The Amazon has been identified as one of the persistent and emerging hotspot areas of regional climate change. Throughout the Amazon region, the IPCC predicts that by mid-century there will be an increase in riverine and pluvial flooding, aridity, average wind speed, extreme heat, fires and Drought.

“The sooner we start adapting, the lower the cost. It is much cheaper to invest in prevention and adaptation than to invest after a disaster,” said Liliana Miranda, Peruvian scientist and IPCC author “We have a window of opportunity to adapt and reduce Latin America’s vulnerability.”

The IPCC points out that financing is the main obstacle to adaptation to climate change in Latin America. Developed countries have pledged for more than a decade to provide US$100 billion in adaptation and mitigation funds to developing countries, a goal that has yet to be met.

As detailed in the report, many adaptation actions are already underway in the region, including: efforts to improve water supply and quality; crop diversification; early warning systems for dangerous events; payments for ecosystem services; green infrastructure; nature-based solutions; and climate-health observatories.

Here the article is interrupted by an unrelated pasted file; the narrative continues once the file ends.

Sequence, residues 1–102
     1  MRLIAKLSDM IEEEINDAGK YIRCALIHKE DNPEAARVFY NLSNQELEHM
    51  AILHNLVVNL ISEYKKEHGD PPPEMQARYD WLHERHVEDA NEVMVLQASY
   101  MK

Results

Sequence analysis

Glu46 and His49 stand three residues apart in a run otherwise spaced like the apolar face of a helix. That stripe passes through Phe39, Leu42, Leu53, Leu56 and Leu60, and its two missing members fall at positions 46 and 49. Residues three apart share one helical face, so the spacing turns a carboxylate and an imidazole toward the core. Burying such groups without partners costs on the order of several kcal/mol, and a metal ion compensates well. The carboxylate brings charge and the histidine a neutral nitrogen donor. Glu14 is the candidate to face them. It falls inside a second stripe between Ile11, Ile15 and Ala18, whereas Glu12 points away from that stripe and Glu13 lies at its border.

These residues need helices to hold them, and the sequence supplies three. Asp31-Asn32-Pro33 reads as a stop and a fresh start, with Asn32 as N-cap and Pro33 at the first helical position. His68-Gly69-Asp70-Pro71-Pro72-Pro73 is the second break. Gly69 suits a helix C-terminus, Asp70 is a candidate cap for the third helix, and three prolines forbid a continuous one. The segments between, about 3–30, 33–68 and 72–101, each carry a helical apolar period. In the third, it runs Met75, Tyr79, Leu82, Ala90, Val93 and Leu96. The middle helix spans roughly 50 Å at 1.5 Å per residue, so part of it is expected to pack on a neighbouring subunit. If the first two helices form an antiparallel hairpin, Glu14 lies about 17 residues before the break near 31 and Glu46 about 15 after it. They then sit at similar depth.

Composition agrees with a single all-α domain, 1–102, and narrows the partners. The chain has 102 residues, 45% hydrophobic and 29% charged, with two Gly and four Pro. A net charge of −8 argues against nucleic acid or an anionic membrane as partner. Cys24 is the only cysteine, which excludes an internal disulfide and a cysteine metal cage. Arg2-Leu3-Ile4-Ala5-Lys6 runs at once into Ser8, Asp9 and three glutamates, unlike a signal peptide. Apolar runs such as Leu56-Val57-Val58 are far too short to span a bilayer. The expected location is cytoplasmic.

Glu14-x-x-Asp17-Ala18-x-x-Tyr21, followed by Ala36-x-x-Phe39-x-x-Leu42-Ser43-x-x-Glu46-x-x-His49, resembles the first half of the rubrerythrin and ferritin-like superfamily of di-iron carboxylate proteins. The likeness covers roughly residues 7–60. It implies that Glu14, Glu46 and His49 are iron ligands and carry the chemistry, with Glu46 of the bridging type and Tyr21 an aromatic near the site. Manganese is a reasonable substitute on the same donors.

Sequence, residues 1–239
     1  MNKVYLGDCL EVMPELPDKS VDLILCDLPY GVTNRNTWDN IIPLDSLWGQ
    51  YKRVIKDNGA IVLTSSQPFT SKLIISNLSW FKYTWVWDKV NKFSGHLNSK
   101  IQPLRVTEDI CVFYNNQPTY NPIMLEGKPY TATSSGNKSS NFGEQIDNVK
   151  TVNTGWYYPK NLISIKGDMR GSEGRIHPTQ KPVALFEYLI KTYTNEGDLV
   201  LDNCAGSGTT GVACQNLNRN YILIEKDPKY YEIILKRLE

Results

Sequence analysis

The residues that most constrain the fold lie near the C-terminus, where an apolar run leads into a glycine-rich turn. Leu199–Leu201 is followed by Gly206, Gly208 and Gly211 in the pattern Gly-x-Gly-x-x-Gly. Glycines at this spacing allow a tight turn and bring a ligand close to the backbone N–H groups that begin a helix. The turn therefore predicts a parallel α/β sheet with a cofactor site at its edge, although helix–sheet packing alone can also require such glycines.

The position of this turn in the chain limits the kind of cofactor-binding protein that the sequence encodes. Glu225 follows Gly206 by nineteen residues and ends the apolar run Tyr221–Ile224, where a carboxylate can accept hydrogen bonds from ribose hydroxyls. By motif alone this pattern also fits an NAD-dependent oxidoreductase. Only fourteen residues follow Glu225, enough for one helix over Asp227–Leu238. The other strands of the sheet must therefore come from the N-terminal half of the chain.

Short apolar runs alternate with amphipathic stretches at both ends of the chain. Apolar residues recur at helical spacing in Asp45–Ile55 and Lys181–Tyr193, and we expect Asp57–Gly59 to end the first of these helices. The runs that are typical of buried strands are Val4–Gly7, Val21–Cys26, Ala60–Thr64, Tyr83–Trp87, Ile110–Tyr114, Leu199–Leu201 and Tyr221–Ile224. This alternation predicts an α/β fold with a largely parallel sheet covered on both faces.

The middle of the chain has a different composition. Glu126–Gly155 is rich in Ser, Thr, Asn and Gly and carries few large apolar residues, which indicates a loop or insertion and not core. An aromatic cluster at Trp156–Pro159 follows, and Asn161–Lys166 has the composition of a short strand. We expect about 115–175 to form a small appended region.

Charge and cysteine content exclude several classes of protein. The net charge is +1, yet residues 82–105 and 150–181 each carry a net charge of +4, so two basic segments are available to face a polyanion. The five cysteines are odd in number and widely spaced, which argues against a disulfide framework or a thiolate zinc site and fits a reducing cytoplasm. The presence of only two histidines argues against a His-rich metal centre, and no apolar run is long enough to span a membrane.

Effective adaptation will, however, depend on policies and actions at multiple scales, involving stakeholders from all social groups, including the most exposed and vulnerable populations, insists the IPCC. He adds that indigenous and local knowledge is crucial for adaptation and resilience to climate change.

Once again, the report is another sobering call to action – and a call for urgency. “Science has not been respected or heard. Governments only care about gaining power or money,” Gregorio Mirabal, head of the Coordinator of Indigenous Organizations in the Amazon Basin (COICA), told Diálogo Chino. “We have not been able as humanity to respect nature and now we are against time.”